When many startups search for their first content marketing hire, they turn to former journalists. As a journalism major myself, this was how I made the transition from reporting on the metro desk at The Boston Globe to a content strategist at HubSpot, a sales and marketing software company. It was the perfect role outside of news media itself, full of research, interviews, and writing.
Naturally, as I went from a print publication to business blog, I brought with me the concepts editorial calendars, digital publishing, and high volume readership (and then created stupid words such as "marketlism" to carve out this unique value).
A few years into my career, I joined as the first marketer on HubSpot's debut growth team. We were focused on launching a new product, sort of like a startup division within the company, then called Sidekick. I worked side-by-side with product managers and engineers, observing, learning, and contributing to their work in addition to my growth marketing responsibilities. Under the leadership of Brian Balfour, we became laser-focused on experimentation and authentic growth.
Overtime, I found myself pondering the following: Companies solve for their customers. Product teams solve for their users. So why aren't content marketers solving for their subscribers?
The more I thought about it, the more I realized that content marketing is breaking. While translating journalism best practices to content helped drive a strategy around quality content creation, it did not drive a strategy around quality content engagement.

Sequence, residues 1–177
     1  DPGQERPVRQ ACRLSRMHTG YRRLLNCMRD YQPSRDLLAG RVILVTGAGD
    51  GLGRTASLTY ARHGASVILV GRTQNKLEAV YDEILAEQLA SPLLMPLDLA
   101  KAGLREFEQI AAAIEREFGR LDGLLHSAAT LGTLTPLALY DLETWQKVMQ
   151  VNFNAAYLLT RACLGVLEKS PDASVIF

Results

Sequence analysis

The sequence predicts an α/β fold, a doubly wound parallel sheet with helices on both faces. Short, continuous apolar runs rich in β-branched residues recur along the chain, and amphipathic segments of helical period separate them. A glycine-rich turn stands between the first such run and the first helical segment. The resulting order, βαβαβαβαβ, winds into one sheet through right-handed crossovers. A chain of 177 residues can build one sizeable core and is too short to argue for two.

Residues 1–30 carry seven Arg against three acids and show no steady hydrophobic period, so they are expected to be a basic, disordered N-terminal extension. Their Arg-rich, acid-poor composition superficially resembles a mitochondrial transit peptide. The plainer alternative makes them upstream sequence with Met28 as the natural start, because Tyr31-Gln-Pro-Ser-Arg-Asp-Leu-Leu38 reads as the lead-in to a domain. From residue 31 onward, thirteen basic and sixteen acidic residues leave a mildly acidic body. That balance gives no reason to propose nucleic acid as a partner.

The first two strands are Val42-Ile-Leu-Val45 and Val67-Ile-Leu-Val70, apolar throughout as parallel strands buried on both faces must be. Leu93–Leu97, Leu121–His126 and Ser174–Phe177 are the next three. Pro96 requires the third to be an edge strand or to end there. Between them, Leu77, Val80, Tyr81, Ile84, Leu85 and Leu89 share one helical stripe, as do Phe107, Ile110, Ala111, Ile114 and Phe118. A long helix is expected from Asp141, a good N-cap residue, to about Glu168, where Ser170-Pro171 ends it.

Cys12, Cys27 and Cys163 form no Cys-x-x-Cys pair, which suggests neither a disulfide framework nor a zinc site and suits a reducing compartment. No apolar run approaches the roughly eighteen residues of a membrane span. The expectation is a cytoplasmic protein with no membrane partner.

As content marketers, we preach the need for high quality content. We teach fellow marketers how to optimize our email blasts. But we've failed to realize that we have all become a part of the problem. We have created an internet landscape where taking any measure possible to land someone on your email list is praiseworthy. We've made it the acceptable norm to send multiple emails a week to your subscribers, regardless of whether they are opening them or not. We have gone from spamming through snail mail to spamming through email.
I knew it was time for a change. After a year's worth of experiments, tests, and mistakes, we built the Sidekick (now HubSpot Sales) content audience with a new fundamental value: Just as product growth teams see the world through their users, content teams should see the world through their subscribers. We translated three key growth concepts to three content principles ...
User Retention = Subscriber Retention
User Churn = Subscriber Churn
User Onboarding = Subscriber Onboarding
Curious to how this all looks in practice? Scroll through the following SlideShare presentation. I translated it into blog form below, but recommend the visual deck full of bitmoji fun.